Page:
Indeed, rather than engendering confidence, Argentine citizens withdrew their bank deposits over the next few months. Capital flight accelerated. The government again failed to deliver on its policy commitments. Most important of all, social and political pressures mounted, reaching a tipping point.

One of the weirder aspects of the Greek crisis is the way in which deposits in Greek banks have not fled the country. Many have, but Greeks still have something in the region of €150 billion on deposit in Greek banks. (I’m pretty sure that non-Greek deposits in Greek banks are de minimis.) If history repeats itself — and there’s no reason to believe that it won’t — that’s going to change.

There will be some kind of muddle-through bailout deal which allows Greece to do a bond exchange before its €14 billion bond coupon comes due on March 20. But the new money coming into Greece from the Troika will be less than the amount of money flowing out of Greek banks, and the lack of credit and liquidity in the country will only exacerbate the current depression and increase the number and severity of riots. Eventually, Greece will tip, and will leave the euro in a chaotic manner. I’m thinking late summer.

That’s not a Plan B anybody really wants. Greece’s budget deficit doesn’t disappear when it exits the euro, which means that it will have no real choice but to print new drachmas to cover that deficit. (Certainly no one outside Greece is going to lend the government new money at that point.) As a result, there will be a spiral of devaluation and inflation in Greece. Nominal GDP growth never felt so bad.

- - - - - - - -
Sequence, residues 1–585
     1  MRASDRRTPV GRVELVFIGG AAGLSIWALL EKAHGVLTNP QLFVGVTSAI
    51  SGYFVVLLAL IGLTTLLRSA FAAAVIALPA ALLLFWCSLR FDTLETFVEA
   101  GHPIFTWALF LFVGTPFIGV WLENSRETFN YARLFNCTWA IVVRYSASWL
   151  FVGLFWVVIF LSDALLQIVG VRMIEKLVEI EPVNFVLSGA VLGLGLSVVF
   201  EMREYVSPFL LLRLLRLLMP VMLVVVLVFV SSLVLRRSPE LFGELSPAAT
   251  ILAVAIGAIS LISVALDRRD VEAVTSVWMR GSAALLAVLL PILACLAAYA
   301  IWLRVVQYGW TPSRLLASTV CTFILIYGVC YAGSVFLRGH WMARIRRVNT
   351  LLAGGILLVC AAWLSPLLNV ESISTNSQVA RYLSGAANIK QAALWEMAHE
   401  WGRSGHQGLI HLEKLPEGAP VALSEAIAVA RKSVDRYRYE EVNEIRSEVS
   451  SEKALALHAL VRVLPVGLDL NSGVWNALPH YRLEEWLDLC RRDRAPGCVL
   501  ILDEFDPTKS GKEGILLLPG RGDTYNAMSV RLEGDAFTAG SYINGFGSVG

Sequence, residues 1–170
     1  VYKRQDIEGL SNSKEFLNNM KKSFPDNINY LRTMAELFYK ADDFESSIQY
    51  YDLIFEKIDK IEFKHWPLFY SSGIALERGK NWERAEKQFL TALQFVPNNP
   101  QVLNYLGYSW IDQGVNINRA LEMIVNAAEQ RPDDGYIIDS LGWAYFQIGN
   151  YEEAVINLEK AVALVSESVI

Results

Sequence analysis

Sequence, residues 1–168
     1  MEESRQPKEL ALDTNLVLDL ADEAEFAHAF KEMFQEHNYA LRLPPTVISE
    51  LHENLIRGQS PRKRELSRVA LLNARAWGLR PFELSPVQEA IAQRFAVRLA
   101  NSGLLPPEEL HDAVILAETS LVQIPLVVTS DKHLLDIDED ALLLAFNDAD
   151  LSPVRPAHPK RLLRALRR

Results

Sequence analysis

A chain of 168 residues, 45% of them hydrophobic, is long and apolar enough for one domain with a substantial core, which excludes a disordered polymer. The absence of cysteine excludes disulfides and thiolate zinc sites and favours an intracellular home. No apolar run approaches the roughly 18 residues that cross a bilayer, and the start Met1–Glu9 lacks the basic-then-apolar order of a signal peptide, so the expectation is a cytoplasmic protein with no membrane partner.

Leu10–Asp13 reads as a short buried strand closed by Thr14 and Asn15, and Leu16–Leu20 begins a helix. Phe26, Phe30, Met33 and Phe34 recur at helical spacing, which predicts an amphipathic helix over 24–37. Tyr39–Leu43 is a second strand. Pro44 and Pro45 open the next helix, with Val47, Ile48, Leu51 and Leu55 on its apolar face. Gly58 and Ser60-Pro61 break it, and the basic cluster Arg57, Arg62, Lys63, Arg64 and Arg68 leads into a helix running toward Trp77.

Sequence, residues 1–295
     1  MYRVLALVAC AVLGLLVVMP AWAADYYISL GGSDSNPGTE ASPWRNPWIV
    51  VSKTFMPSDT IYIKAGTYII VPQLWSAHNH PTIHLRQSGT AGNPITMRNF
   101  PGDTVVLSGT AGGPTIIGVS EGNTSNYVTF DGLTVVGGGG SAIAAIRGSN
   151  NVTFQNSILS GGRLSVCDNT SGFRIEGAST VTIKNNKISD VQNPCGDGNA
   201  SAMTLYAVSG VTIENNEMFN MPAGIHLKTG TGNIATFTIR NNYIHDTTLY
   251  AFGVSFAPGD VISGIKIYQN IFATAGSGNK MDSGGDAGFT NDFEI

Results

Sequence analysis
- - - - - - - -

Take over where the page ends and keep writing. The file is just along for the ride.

Is there a Plan C? Is there a real alternative? I think that there probably isn’t. El-Erian talks in a vague way about “economic restructuring”, “institutional changes”, and “policy flexibility” — all of which is code for the kind of deep-seated economic reform that Germany went through under Gerhard Schroder. That involved a combination of falling real wages and popular unhappiness in the context of a fundamentally strong and growing economy running a large current-account surplus. It also took many years, without real guarantees that it was going to work.

Greece doesn’t have that kind of leadership, partly because its population has no good reason to believe that such reforms would work or be at all effective in increasing national competitiveness. On top of that, it’s trying to act from a position of weakness rather than strength, and in any case it simply doesn’t have the time to implement changes which involve a fundamental restructuring of the nation’s social compact, including the population’s willingness to pay taxes.

Which is why I feel that what we’re seeing right now is the playing-out of the endgame in Greece. It reminds me in a way of the fiscal debate within the Obama administration, where the Christy Romer faction wanted “naked stimulus” without worrying too much about cuts down the road, while the Peter Orszag faction wanted “coupled stimulus” where short-term spending was offset by long-term budget cuts and revenue hikes. Basically everybody in the administration wanted stimulus, of one form or another — but that’s exactly what they didn’t get.

Similarly, in Greece, if you look at the various players — bondholders, the European Commission, the Greek government, the Greek population — all of them want Greece to stay in the euro. I have a feeling they’re all going to be very, very disappointed.


Greece can recover soon from financial crisis.